This blog started out as a companion piece to my book, Musings from the Christian Left (excerpts of which can be found in the July 2004 link) and to support a planned radio show. Now, its simply a long term writing project from a Christian Left Libertarian perspective (meaning I often argue for liberty within the (Catholic) Church, rather than liberty because the church takes care of a conservative view of morality.

Monday, April 16, 2007

Breaking the Spell

Professor Daniel C. Dennett of Tuft's University has written a compelling treatise entitled Breaking the Spell, Religion as a Natural Phenomenon. I just finished reading it last week - it goes a bit slow about a third of the way through - which is why I am writing this entry now and not last fall.

Dennett asks, but does not definitively answer the question of whether religion is a harmful, useful or neutral parasite. He begins an examination of this question using the tools of natural history, specifically examining how religion evolved from the time that language could be used to express folk religion until the present day using the tools of natural science, specifically the theory of evolution. Instead of genetic means, he indicates that the best method of transmission of religion is through meme's or thoughts which are learned from generation to generation and have an existence and evolution on their own. As expected from a philosopher, he calls for further research and more questions, rather than giving answers.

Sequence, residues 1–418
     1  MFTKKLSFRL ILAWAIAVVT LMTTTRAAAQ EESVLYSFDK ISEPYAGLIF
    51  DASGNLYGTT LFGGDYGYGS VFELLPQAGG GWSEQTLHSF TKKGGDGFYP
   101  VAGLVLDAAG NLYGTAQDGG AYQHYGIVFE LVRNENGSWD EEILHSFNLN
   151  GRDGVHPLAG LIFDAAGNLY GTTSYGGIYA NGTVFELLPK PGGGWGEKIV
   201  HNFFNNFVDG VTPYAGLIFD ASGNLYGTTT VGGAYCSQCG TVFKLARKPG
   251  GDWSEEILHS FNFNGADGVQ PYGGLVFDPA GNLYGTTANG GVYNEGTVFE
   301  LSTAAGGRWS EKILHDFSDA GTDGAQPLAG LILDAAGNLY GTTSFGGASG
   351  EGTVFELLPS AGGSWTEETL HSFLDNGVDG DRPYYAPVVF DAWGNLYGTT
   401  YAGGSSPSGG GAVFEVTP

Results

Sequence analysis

While not a believer in religion or any god, he does treat the topic with respect and does put in a plug for love as his highest value (without personifying it as a deity) (253). I think Jesus of Nazareth and and Paul of Tarsus would agree with him on the preeminence of love and would likely favorably compare his personal practice of this value with many religionists who prevert the word of God for their own personal ambition and authoritarianism.

Before taking this book back up, I read Gary Wills tome What Paul Meant. It is interesting to compare and contrast their viewpoints and values. If I had a show, I would love to put them together on the same radio program. It would be a fascinating discussion.

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